Primary winners kick off campaigns with events highlighting legislative priorities

By Brenda Flanagan

“It’s not just money. Lives are at stake here,” said Phil Murphy.

Phil Murphy’s diagnosis: women’s health in New Jersey is in critical condition with Planned Parenthood’s suffering from traumatic budget cuts, including $50 million since 2010 under Gov. Chris Christie that forced six centers to close. On his first day campaigning for governor, the Democrat connected the political dots with emphasis.

“The cumulative cut in funding now under Gov. Christie, and by the way this is not gratuitous this is a fact, and Lt. Gov. Kim Guadagno, this is their administration, let there be no doubt about that,” Murphy said.

Planned Parenthood says Jersey’s seen a 35 percent spike in sexually transmitted diseases that the CDC ascribes to a reduction in health care services. Breast and cervical cancer rates for minority women have also increased.

“These services were always funded so low-income women across the state could get access to reproductive health care. Gov. Christie, when he came into office, he eliminated the funding,” said Christine Sedovy, legislative and political director for Planned Parenthood Action Fund of NJ.

“What happens to those people who now don’t have care? And you can look at the statistics, its obviously been devastating and it’s imperative we restore state funding to family planning health care,” former Planned Parenthood patient Mary DiDato said.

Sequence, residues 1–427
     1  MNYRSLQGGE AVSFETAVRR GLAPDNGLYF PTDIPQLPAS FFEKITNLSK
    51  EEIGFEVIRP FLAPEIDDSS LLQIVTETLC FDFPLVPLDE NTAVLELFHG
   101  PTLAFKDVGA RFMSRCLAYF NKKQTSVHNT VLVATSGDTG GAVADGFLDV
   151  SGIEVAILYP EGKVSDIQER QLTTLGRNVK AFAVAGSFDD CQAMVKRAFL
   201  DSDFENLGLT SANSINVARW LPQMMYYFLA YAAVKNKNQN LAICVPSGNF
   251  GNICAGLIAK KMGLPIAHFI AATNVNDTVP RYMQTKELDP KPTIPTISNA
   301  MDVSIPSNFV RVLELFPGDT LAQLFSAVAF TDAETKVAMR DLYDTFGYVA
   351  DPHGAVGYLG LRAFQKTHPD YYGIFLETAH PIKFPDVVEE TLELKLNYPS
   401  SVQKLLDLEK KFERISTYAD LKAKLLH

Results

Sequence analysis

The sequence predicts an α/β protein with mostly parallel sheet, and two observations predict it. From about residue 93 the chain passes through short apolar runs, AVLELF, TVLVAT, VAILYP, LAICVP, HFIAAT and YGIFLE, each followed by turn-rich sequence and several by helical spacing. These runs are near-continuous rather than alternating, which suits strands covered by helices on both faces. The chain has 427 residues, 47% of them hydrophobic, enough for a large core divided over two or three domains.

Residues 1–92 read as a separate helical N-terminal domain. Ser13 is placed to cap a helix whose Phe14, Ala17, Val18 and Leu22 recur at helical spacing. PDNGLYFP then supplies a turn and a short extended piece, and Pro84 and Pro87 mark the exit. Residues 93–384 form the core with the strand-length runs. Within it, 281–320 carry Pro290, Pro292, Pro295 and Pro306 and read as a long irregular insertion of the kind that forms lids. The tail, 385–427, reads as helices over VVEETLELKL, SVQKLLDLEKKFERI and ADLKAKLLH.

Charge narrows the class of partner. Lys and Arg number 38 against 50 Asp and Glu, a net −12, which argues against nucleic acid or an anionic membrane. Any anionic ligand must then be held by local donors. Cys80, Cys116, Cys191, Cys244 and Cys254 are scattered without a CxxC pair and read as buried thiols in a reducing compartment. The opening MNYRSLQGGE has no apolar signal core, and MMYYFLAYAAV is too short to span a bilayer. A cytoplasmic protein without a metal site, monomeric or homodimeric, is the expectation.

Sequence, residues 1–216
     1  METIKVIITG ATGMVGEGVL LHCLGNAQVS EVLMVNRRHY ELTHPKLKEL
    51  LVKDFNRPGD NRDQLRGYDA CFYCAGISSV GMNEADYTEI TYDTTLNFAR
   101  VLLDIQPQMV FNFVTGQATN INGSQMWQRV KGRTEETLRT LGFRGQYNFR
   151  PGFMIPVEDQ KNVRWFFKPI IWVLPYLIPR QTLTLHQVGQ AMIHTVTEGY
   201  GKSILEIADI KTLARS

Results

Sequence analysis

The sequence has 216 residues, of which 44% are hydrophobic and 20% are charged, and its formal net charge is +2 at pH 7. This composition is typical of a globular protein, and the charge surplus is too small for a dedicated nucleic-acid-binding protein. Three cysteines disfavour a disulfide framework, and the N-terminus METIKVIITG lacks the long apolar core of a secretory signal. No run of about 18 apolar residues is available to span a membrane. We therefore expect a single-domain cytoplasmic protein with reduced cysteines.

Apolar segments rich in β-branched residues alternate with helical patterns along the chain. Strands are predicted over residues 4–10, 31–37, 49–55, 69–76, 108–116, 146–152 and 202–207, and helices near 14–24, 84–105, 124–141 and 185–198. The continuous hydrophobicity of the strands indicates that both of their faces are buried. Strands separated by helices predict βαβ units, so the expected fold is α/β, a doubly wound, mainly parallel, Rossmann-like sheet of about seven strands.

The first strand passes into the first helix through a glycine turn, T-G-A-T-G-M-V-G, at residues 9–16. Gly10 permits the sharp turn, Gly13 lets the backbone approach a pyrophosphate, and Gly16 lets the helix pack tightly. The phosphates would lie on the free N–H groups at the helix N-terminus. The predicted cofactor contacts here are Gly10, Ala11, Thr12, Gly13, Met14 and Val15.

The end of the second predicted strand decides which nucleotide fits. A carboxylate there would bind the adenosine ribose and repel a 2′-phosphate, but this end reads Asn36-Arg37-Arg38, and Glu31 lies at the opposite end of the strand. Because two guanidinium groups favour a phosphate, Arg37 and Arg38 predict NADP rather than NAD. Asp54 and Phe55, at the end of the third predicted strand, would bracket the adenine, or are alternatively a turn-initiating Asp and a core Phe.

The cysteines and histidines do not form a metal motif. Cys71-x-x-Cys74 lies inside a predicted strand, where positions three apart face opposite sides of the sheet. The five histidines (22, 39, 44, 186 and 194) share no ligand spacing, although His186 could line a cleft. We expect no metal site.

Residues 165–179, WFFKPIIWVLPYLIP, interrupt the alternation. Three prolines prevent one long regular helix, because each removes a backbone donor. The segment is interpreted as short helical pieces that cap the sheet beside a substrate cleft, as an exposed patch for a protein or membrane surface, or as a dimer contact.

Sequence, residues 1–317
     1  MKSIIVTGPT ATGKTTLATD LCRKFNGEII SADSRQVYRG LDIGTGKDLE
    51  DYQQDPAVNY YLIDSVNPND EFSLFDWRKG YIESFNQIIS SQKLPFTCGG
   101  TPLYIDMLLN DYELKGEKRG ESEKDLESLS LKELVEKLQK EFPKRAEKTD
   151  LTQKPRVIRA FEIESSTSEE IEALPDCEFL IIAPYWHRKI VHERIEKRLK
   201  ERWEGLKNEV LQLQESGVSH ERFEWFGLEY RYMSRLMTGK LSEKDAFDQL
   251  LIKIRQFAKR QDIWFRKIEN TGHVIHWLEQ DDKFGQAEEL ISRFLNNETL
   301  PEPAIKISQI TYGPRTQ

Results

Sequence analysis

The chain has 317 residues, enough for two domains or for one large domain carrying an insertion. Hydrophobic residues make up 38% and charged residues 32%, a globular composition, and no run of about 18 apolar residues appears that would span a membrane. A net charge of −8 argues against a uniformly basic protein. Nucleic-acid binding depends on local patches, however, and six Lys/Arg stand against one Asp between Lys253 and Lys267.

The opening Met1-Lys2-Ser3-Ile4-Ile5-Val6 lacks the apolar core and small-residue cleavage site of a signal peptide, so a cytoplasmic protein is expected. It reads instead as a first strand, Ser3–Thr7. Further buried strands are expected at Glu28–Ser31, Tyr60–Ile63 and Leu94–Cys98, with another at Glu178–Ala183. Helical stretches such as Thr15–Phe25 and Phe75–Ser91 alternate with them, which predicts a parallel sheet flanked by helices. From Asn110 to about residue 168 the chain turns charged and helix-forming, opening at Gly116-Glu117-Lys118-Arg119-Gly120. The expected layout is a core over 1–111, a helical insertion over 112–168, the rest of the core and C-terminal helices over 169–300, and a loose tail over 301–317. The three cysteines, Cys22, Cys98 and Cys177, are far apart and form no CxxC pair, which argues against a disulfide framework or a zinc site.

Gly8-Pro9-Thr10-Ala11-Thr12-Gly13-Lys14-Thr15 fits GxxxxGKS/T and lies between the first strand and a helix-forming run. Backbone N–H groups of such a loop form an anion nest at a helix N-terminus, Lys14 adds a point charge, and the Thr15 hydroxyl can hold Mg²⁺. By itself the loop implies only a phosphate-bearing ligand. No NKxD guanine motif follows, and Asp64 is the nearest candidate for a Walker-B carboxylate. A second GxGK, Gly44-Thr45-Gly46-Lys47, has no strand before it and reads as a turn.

“We’ll find the money, period, full stop. And we’ll fund Planned Parenthood. That part I get,” said Murphy.

Murphy hammered the anti-Christie, anti-Donald Trump campaign lines. Both the governor and president remain deeply unpopular with most New Jersey voters and he again made the Guadagno connection.

“She was trying, it sounded to me, to run as far as she could from the governor. That’s going to be hard for her to do as his wing man for the last seven and a half years,” Murphy said.

Meanwhile, Guadagno found a friendly South Jersey kitchen for her first campaign stop and focused on her pledge to cut property taxes or not seek a second term. Residents described their pain.

“Unfortunately the taxes, health care costs and all are way eating into our overhead,” Evesham resident Rennie Wessner said.

“So many of us are born and raised here, we don’t want to leave. We don’t want our parents to leave, but unfortunately our parents are forced to leave because they can’t afford to stay here anymore,” said Evesham Mayor Randy Brown.

“That’s what this campaign is about,” said Guadagno. “It’s quite simply making it affordable for people to stay in New Jersey again. We have a real contrast going into November whether you want to see your taxes continue to go up or whether you really want to start to do something about it.”

Evesham’s average property tax bill runs $4,855 and Guadagno claimed her so-called “circuit-breaker” plan could save a family earning $80,000 more than $1,300 on their tax bill.

“Trenton would have to find the money to send it back to you, so that you would not be losing any money, so that you wouldn’t be yelling at the mayor,” Guadagno said.

Guadagno’s plan comes with a $1.5 billion price tag and she would pay for it by auditing government — cutting waste — and that could mean more layoffs on top of the 11,000 state jobs that Christie has already cut.

“Anything that we have to do to make sure people … a performance audit is a performance audit! If you’re not doing your job and we’re paying you then we shouldn’t be paying you!” Guadagno said.

Guadagno says she doesn’t consider Christie to be a political albatross, but she doesn’t mention his name unless asked about him by reporters. Nevertheless, voters will hear that name a lot from Phil Murphy.